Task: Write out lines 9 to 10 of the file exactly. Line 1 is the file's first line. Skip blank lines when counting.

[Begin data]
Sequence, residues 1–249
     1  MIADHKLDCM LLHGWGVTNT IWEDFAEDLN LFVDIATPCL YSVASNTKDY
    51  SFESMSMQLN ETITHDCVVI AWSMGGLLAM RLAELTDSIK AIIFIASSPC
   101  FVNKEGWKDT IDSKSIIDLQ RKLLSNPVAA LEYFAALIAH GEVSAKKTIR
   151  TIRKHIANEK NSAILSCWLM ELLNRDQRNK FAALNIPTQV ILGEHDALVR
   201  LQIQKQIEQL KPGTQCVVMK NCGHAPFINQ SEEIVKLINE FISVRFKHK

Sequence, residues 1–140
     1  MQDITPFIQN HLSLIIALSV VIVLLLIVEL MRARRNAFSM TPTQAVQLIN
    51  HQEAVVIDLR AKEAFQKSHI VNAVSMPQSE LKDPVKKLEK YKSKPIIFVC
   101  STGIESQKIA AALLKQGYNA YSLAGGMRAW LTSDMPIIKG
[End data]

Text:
    51  HQEAVVIDLR AKEAFQKSHI VNAVSMPQSE LKDPVKKLEK YKSKPIIFVC
   101  STGIESQKIA AALLKQGYNA YSLAGGMRAW LTSDMPIIKG